The Gini coefficient

Arguably nothing is more important in politics that inequalities in power and wealth. Power is hard to measure and wealth is often used as a kind of proxy measure.

Now inequalities in wealth can be measured in many ways but a well-accepted instrument is the Gini coefficient . This is a measure of statistical dispersion developed by the Italian statistician Corrado Gini and published in his 1912 paper “Variability and Mutability”.

The mathematics of the Gini coefficient is complicated (at least for non-mathematicians) but the coefficient can be represented simply as an index between 0, meaning total equality of distribution (everyone owns the same amount), and 100, meaning total inequality (one person owns everything).

As you will see from this graph, most developed Western economies have a Gini coefficient between 24-36 (with Scandinavian countries tending to have the lowest scores), but the United States, Mexico and Brazil have coefficients above 40 because their societies are so unequal. China – which I shall be visiting in a few days – has a rising Gini coefficient as inequalities rise between cities and villages, between east and west.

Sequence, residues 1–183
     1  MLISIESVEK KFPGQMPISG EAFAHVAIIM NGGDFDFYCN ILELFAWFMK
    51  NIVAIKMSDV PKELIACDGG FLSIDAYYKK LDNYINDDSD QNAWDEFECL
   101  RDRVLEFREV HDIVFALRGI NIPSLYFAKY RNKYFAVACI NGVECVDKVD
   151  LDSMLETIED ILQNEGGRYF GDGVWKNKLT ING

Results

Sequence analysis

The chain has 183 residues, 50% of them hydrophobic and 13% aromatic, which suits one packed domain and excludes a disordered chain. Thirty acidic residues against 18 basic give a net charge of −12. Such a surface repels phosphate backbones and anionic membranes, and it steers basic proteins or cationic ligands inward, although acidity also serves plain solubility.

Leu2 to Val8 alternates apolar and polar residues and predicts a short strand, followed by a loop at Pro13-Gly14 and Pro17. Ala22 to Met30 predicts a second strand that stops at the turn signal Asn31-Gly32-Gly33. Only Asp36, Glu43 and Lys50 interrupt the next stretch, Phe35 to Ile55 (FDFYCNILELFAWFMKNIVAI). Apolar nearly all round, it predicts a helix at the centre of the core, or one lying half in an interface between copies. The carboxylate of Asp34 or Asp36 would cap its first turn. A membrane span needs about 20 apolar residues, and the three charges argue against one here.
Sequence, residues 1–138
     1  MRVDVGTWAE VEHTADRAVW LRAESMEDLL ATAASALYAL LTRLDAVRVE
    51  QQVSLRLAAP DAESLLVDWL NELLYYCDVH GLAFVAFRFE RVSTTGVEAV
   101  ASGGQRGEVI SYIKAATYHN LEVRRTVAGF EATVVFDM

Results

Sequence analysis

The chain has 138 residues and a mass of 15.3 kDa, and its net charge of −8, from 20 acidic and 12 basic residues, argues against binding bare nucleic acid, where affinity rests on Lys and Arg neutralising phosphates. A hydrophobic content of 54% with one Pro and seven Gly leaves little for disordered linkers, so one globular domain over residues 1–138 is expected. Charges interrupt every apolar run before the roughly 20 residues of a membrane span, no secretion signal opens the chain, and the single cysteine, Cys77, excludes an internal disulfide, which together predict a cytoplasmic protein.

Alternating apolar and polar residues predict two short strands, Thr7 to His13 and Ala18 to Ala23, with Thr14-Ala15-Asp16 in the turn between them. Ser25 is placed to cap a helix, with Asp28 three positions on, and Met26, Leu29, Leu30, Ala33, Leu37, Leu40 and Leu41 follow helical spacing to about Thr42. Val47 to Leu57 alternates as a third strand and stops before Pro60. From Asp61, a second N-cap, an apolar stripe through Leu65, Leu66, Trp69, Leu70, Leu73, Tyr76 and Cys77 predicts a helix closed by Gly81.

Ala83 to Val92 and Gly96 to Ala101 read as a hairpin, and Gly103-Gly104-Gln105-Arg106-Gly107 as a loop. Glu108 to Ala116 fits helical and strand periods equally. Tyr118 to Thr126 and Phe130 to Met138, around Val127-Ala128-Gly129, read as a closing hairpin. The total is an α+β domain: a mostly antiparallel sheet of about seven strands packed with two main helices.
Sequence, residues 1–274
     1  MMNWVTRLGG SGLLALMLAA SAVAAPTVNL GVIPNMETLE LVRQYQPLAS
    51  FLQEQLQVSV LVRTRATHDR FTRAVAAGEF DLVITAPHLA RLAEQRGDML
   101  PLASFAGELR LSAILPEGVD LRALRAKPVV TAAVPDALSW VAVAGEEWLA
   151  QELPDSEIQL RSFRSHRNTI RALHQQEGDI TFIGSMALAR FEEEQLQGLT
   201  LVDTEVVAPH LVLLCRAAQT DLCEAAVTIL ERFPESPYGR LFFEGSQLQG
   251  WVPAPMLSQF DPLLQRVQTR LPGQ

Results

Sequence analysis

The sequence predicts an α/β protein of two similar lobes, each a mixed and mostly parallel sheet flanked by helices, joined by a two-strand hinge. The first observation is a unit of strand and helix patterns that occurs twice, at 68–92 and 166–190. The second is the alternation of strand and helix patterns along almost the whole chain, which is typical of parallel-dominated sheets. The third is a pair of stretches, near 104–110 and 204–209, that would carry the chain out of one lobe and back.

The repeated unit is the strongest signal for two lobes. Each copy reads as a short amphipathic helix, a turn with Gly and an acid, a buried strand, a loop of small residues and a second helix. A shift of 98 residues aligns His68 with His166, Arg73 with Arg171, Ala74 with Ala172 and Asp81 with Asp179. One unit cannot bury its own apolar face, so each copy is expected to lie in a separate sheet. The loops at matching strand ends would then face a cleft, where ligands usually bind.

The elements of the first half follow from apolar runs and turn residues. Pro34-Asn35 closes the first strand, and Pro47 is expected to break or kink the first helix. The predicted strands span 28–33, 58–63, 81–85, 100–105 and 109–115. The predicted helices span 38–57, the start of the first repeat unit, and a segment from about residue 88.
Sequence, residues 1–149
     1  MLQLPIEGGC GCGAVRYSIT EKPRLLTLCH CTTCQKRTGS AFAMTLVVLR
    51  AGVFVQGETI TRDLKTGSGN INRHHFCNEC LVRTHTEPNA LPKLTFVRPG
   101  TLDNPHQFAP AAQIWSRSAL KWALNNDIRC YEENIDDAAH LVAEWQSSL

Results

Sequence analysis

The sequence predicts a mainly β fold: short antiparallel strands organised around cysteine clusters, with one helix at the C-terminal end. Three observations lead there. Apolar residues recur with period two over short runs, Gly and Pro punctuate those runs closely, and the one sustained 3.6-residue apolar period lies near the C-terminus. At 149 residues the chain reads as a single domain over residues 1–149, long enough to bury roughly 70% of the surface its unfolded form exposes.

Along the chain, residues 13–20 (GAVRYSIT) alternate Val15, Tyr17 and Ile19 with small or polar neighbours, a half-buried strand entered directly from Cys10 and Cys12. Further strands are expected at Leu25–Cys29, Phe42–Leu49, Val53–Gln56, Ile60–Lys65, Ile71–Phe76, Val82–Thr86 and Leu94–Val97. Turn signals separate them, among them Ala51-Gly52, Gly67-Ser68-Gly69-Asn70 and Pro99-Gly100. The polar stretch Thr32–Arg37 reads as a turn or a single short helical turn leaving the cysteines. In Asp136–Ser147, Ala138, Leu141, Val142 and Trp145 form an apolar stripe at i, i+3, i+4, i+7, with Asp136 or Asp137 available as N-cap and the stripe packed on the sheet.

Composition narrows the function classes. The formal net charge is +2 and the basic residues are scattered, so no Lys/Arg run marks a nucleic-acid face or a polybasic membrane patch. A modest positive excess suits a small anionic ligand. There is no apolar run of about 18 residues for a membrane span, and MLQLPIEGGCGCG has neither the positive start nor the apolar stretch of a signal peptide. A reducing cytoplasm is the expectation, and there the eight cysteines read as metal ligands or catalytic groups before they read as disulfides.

In their book “The Spirit Level” – which is high on my reading list – Richard Wilkinson and Kate Pickett argue that inequality is the root cause of many of society’s ills. A mass of evidence is marshalled to demonstrate that levels of violent crime, mental illness, drug addiction, illiteracy, obesity and so on are almost always higher in more unequal societies.


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